endometriosis

March is Endometriosis Awareness Month

Endometriosis is a common cause of pelvic pain for women, affecting more than six million women in the United States and as many as 200 million women worldwide. Diagnosis, however, is difficult without surgery, and it can take seven to ten years for women to get the correct diagnosis. This week on Fox 17, Dr. Bitner discusses endometriosis, risk factors, and treatment options.

Fact #1: 

Endometriosis is a condition where tissue similar to uterine tissue begins to grow on the outside of other pelvic organs. The ovaries, fallopian tubes, pelvic walls, appendix, bowels, and even the lungs can be affected. As the tissues start to grow, inflammation and scarring occur. There are four stages of endometriosis and three different types that can occur. Symptoms include painful periods, pelvic pain, severe menstrual cramps, and infertility. Early endometriosis causes minimal symptoms, and not everyone experiences a progression of the disease.

Fact #2:

Anyone who menstruates can develop endometriosis. Women are more likely to develop endometriosis if they have a family history of the disease, started their period before age eleven, or have irregular cycles (heavy bleeding for 7+ days or short cycles).

Fact #3:

The sooner endometriosis is diagnosed, the better. Early treatment can help relieve pain and preserve fertility. Diagnosis involves surgery using a camera through the belly button, and your provider may also take a biopsy of tissue. New, non-invasive diagnosis techniques, including blood tests or menstrual blood samples, are currently in development.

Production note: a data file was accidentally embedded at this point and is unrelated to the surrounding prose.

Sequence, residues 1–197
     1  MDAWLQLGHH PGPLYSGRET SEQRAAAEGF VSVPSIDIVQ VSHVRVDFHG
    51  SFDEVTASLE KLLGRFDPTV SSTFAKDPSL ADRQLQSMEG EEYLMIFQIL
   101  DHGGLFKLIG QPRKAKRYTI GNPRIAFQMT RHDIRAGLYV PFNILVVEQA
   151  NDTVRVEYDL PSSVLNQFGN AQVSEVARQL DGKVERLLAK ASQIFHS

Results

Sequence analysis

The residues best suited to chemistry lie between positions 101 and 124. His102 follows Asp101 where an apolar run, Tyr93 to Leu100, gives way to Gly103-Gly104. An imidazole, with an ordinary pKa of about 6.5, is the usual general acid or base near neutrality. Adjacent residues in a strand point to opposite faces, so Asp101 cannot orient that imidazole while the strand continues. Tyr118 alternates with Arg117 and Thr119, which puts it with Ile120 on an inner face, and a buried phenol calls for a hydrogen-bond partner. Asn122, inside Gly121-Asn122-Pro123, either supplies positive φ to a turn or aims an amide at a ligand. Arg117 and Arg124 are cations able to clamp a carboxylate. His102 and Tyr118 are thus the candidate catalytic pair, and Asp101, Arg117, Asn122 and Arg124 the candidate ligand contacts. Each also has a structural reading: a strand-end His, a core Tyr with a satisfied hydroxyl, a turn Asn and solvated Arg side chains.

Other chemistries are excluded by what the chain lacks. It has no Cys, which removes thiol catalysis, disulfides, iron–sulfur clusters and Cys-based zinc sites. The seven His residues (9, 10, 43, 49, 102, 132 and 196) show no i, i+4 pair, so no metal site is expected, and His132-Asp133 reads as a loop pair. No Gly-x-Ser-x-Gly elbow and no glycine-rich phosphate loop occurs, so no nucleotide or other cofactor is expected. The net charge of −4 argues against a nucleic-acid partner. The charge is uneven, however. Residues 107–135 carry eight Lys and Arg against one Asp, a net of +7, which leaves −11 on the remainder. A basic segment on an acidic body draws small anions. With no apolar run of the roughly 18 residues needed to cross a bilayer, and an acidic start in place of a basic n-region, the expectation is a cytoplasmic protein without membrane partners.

Fact #4:

While there is no cure for endometriosis, treatment options are available. Treatment focuses on stopping or slowing tissue growth. Depending on your diagnosis, pain relievers, hormone therapy, or surgery to remove tissue growths might be recommended.

Patient Story: 

Jane had painful periods since she was thirteen and had to miss school and work for years. She did not know why her periods were so painful and blamed herself for not being able to tolerate her periods like other women. When Jane finally sought help, she was diagnosed with endometriosis. At 20 years old, she did not want her schooling or career to suffer, so Jane insisted on further testing to determine the best treatment course. She elected to have surgery and was able to get both medication and an IUD placed to relieve pain and symptoms. Jane hopes her proactive approach will slow the development of further endometriosis and that she won’t experience infertility.

Health Tip of the Week: 

If you or any of the women in your lives have progressive pain with their periods and painful cramps, encourage them to talk to a healthcare provider. Too many women suffer in silence and have unnecessary shame around their cycles and endometriosis. Treatment options are available, and knowledge is power! 

Watch the full segment.